The credit bills are mounting day by day and your job is hanging by a thread. Even more, your child’s school fee is yet to be paid and your other kid is probably considering quitting school to become a rock star.
Does Stress Cause Belly Fat?
Regardless of the reason for stress, this has become a norm in the 21st century. While the effects of stress sometimes manifest in form of discomfort or anxiety, for some people, stress results in an increased appetite and hence increased weight. Some of the extra food is converted to fat which ends around the midsection forming what is commonly referred to as belly fat.
Is All That Stress Making Your Belly Fat?
Let’s face it. Belly fat is not attractive. But regardless of how you look at it, belly fat is worse than you might think. In fact, scientific research has linked belly fat to serious medical conditions like cancer, stress, cardiovascular disease and diabetes. Stress triggers the release of ‘fight-or-flight’ hormones from the body which are produced in the adrenal glands. These include epinephrine, norepinephrine and cortisol. Epinephrine relaxes the intestines as well as the stomach muscles and decreases flow of blood to the above organs. Norepinephrine inhibits production of insulin so that your body can have plenty of blood glucose at the ready. Cortisol acts after the stressor has passed and simply inhibits the production of the above hormones and thus enables the body to continue regular digestion. Usually, cortisol levels fluctuate throughout the day but when under stress, they will increase and stay at high levels.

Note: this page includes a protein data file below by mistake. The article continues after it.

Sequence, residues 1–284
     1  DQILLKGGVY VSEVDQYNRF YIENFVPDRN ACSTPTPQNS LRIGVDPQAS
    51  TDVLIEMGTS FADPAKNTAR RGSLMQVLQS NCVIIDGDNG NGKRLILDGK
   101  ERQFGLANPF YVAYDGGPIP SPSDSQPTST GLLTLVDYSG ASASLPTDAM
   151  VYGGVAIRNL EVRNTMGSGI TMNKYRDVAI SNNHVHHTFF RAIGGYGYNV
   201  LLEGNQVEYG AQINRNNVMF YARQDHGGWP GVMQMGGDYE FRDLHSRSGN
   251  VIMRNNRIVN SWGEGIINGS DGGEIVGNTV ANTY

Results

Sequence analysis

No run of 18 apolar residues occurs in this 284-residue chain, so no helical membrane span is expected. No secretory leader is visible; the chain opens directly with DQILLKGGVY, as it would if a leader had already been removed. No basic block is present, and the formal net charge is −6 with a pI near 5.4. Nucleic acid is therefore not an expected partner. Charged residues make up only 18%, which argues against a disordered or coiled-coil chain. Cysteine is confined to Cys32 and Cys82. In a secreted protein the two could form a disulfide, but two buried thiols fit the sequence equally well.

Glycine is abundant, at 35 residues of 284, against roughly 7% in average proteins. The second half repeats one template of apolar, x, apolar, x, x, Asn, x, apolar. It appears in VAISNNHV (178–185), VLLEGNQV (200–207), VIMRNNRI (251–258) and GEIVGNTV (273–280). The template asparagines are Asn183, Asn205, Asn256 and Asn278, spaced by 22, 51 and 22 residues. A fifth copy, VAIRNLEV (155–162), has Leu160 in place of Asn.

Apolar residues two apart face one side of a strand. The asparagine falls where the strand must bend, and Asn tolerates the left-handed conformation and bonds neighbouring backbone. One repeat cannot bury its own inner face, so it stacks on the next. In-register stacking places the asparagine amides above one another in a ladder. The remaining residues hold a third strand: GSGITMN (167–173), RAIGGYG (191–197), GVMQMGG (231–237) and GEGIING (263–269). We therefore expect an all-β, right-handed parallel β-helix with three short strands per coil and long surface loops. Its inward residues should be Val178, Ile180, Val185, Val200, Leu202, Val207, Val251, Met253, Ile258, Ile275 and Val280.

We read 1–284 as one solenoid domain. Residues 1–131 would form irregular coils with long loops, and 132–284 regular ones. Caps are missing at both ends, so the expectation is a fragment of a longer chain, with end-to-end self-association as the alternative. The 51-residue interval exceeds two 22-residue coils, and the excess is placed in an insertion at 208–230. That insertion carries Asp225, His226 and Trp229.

How Does Stress Cause Belly Fat
Increased levels of cortisol and stress inhibit the body to give in to weight loss. During such times, all that the body knows is that you are having a hard time and in attempt to prevent starvation, the body hoards any fats available. If cortisol levels go up, the fat in healthier areas such as the hips and butt is transferred to the abdomen, an area which tends to have more cortisol receptors. With time, what was once a healthy peripheral fat is transformed into unhealthy visceral fat. This increases insulin resistance and inflammation. Ultimately, what you are left with is increased belly fat.
What Can You Do About Belly Fat?
So what can you do about your belly fat? Start by living a healthy lifestyle that includes a healthy diet strategy that can support you when under stress. Avoid excess carbohydrates, refined grains, and processed foods and instead, increase high quality protein intake and limit caffeine intake. You should also de-stress yourself to ensure that stress hormone production remains low. These are simple choices that you will have to make every day but in the long run, they will be worth it.